Search Results for: euphemism

  1. Nephanalysis, Sitar, Wombat, And Other Words That Trended On This Week

    What do spivvy, smuggery, stingo, and schlemiel have in common? Sure, they begin with the letter S. But what’s more, they are also some of the leading lookups on since July 8. Since our introduction of it in our last trending writeup, our ticker has been tirelessly scrolling across our homepage.  And, we’ve continued to watch. So, let’s get started with our top five …

  2. Last Month in Pop Language: Post Malone, Bill Clinton, and Other June Low Points

    by Molly Rosen MarrinerThis is our fourth installment of Last Month in Pop Language, a column where the most popular (statistically) song, book, and film of the month will have their words analyzed in hopes of drawing a conclusion about language’s current usage—and future. At the end of each monthly column, we’ll draw a conclusion: Was last month’s pop language masterly, malevolent, or merely meh?————- Movie: The Incredibles 2 …

  3. “Bidet” vs. “Toilet”: Time To Flush Out The Differences

    Take a minute to think back to the beginning of the pandemic. Do you remember the Great Toilet Paper Shortage of 2020 that signaled the end of the Before Times? It has been one heck of a long year and a lot has changed since then, including our bathrooms. Fearing the unthinkable, a number of people installed bidets in their bathrooms to avoid a disaster. …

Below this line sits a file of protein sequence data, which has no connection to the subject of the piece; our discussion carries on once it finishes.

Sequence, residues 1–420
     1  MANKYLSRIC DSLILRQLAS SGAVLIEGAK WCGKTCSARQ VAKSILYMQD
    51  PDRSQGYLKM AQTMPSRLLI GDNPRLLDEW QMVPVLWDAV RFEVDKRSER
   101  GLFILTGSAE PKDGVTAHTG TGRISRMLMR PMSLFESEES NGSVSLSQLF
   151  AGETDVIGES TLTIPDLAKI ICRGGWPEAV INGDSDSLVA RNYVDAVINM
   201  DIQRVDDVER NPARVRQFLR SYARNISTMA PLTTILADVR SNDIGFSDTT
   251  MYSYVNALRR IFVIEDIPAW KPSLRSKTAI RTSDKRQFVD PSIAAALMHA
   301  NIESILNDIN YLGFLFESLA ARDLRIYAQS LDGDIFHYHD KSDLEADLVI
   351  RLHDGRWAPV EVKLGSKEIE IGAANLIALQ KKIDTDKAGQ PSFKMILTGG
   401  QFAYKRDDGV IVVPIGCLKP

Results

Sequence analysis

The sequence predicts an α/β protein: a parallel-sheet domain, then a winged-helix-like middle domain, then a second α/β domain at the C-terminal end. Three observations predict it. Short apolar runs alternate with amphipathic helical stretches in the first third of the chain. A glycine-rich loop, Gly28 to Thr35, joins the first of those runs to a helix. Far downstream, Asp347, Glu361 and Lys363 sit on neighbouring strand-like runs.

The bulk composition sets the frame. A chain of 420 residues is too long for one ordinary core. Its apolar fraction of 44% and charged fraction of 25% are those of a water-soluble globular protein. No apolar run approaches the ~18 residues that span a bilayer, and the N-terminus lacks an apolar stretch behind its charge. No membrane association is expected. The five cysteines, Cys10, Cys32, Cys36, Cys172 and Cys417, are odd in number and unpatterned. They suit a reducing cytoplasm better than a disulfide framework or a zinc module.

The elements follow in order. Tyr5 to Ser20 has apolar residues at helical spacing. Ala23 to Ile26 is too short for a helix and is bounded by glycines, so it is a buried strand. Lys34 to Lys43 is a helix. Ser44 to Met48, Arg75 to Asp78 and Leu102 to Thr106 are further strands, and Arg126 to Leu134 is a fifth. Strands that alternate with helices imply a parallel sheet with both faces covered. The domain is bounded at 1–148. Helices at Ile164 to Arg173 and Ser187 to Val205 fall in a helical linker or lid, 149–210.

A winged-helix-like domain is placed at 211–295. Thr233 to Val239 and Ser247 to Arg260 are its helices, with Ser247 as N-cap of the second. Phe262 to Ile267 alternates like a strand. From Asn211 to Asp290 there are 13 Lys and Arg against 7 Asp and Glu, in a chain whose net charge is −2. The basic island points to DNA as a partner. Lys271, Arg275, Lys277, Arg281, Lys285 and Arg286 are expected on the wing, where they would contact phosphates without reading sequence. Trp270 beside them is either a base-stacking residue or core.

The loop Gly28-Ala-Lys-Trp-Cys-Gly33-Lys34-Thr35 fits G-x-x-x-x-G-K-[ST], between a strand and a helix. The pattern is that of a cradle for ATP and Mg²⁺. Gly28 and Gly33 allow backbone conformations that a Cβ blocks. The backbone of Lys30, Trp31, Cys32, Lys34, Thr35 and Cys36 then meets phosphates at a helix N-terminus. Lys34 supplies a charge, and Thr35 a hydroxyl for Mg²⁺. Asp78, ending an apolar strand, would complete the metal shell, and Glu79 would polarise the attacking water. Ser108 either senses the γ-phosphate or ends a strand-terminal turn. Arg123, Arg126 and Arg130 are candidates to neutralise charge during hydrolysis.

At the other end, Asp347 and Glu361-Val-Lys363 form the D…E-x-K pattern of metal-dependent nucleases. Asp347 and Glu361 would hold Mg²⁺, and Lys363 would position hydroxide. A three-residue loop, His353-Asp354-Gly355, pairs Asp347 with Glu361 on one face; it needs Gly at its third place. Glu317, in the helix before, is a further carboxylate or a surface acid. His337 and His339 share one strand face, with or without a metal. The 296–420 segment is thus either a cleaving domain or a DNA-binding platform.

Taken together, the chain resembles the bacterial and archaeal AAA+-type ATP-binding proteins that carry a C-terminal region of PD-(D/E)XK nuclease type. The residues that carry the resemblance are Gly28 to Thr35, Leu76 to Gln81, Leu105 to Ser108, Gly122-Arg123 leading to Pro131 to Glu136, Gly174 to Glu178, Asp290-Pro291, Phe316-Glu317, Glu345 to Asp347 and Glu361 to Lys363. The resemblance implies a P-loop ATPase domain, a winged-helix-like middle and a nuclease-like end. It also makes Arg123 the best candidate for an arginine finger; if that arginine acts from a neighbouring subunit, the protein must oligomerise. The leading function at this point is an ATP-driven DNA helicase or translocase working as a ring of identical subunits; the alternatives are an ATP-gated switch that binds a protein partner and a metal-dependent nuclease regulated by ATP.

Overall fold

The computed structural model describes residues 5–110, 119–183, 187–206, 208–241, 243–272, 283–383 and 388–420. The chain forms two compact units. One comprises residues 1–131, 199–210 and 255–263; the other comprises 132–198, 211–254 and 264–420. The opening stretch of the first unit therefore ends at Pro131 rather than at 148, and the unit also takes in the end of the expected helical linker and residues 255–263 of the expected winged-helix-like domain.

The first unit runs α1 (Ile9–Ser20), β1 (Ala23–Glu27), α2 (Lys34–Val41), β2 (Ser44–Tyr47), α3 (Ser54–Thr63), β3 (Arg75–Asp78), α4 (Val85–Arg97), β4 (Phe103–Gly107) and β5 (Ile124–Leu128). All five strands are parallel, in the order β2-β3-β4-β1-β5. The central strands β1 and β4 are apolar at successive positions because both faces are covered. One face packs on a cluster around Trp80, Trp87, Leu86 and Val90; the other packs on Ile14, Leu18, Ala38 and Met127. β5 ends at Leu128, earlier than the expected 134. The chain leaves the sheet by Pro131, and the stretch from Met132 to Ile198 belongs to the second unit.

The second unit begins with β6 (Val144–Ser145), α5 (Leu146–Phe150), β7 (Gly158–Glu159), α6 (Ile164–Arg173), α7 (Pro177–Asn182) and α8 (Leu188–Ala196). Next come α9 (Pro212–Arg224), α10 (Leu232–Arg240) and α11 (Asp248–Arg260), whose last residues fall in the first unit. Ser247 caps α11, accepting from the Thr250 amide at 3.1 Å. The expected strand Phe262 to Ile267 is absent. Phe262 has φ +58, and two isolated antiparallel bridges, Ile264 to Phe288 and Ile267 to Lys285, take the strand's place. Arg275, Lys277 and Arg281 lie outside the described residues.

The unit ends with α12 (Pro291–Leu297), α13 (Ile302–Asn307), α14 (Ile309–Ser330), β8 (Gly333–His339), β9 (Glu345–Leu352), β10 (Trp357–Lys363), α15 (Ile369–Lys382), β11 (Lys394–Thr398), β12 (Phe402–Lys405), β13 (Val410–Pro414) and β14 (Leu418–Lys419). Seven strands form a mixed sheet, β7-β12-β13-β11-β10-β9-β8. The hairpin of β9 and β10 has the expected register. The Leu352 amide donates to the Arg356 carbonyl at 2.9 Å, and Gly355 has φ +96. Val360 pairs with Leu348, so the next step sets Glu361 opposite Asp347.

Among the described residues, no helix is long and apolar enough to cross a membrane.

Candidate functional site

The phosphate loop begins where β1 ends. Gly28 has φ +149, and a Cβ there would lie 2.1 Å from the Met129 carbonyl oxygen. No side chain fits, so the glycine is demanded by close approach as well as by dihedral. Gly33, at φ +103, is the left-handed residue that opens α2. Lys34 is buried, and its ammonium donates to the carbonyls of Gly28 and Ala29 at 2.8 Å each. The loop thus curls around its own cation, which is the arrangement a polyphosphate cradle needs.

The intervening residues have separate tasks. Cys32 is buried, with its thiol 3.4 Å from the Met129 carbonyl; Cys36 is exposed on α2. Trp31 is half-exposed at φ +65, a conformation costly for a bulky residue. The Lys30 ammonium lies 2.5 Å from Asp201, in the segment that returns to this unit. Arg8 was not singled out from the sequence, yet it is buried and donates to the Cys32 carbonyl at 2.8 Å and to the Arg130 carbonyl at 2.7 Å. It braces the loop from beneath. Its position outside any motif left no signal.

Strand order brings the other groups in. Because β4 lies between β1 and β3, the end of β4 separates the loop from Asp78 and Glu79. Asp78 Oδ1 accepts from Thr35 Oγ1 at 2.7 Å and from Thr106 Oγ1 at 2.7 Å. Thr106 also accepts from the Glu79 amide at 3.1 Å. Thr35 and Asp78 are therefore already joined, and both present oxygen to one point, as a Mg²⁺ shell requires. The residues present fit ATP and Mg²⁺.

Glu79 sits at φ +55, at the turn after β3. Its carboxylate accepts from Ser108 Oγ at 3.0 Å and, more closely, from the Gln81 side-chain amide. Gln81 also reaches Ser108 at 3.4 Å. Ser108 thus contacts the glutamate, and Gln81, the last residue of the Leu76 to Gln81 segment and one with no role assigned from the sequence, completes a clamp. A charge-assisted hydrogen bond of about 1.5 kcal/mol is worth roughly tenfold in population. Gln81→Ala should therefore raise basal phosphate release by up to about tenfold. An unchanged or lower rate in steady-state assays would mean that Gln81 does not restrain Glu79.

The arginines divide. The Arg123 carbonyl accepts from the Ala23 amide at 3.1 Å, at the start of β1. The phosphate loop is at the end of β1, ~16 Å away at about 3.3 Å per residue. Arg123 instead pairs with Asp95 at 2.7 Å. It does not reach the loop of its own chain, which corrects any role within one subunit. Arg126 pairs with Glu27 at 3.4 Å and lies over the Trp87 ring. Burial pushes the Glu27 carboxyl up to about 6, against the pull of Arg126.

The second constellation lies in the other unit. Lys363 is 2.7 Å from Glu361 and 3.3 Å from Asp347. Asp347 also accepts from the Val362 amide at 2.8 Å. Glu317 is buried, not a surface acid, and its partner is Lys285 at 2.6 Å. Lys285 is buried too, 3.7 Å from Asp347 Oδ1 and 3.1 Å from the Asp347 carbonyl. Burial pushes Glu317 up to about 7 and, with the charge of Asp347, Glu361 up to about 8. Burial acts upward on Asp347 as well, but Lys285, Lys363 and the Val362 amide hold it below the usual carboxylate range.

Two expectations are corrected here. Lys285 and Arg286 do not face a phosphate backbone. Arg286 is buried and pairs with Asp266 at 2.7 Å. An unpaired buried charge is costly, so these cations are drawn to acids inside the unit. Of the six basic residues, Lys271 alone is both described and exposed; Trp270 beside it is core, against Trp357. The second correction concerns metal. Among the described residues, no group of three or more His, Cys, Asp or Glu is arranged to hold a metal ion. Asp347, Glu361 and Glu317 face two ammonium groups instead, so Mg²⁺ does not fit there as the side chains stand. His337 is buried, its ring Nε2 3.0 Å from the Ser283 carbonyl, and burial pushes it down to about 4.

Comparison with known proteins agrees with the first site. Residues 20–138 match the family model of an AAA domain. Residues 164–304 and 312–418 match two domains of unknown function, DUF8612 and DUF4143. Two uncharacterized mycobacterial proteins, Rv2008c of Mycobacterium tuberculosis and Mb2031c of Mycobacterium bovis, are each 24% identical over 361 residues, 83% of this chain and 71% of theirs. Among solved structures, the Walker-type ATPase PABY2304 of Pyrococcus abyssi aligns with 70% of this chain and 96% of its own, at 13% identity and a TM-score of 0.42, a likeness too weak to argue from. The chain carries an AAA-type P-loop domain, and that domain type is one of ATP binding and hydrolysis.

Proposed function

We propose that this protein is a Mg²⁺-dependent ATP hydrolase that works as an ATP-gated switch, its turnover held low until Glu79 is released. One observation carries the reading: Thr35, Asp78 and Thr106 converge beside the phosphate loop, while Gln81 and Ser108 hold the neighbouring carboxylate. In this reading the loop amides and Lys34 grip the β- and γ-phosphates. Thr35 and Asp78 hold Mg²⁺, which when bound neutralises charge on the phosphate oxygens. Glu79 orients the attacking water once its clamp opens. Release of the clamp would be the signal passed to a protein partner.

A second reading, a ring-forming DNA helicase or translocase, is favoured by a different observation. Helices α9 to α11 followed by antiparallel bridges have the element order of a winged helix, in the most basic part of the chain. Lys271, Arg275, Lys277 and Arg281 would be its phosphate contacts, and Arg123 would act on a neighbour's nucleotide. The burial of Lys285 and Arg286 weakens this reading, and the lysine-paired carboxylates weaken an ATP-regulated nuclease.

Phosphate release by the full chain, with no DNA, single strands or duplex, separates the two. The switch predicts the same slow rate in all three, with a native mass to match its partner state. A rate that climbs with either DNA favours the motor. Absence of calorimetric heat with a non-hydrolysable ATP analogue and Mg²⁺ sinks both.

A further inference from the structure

4. stork carrying a baby bundle, on a green background.

    Words To Use To Explain Sex To Your Kids

    Salt-N-Pepa would approve of this list. But even if their song is stuck in your head (you know you’re singing “Let’s talk about sex!” now) actually talking about sex is anything but easy. It’s overwhelming to have “the talk” with your kids, which is why experts suggest having an ongoing conversation on the topics of sex, consent, and reproduction as they grow instead of having …

  5. Incumbent, Misogynistic and Other Trending Words On

    The midterm elections weren’t just sending folks to the polls. Plenty of you landed on the week of November 2–9, 2018 looking for answers. So what did we learn? Let’s review this week in words! Incumbent, House of Representatives, and gubernatorial The midterm elections dominated headlines this week, so it’s no surprise that more than a few election-related words showed up in our trending …

  6. Decoding The PR Machine

    Deciphering the language of hype Language can be used to avoid discussion just as much as it can be used to communicate effectively. For example: the language of public relations. Public-relations representatives often speak for corporate America, politicians, and the media. They know how to avoid topics and how to not answer the hard questions (tweaking language to fit a particular need at a particular …

  7. What Does “Bigot” Mean Exactly? (Its Origin Involves Cussing)

    A bigot is “a person who is utterly intolerant of any differing creed, belief, or opinion.” OK, but where does this strong and negative word originate? Here’s the interesting part. Some etymologists believe the Old French version of bigot, which means “sanctimonious,” was used by the French to mock the Normans, a people who lived in France and invaded Britain in 1066. Allegedly, the Normans …

  8. 13 Essential Literary Terms

  9. confirmed bachelor

    He never intends to put a ring on anything. Ever. A confirmed bachelor is a "man who never intends to marry." It has also been used as an offensive euphemism for a gay man.
  10. Whiskey Tango Foxtrot

    Whiskey Tango Foxtrot

    Based on letters of the military phonetic alphabet, Whiskey Tango Foxtrot is a euphemistic substitution for what the fuck or WTF.
  11. see you next Tuesday

    see you next Tuesday

    See you next Tuesday is a euphemism for the derogatory slang word cunt.
  12. BLURGH! You Fracking Smeghead!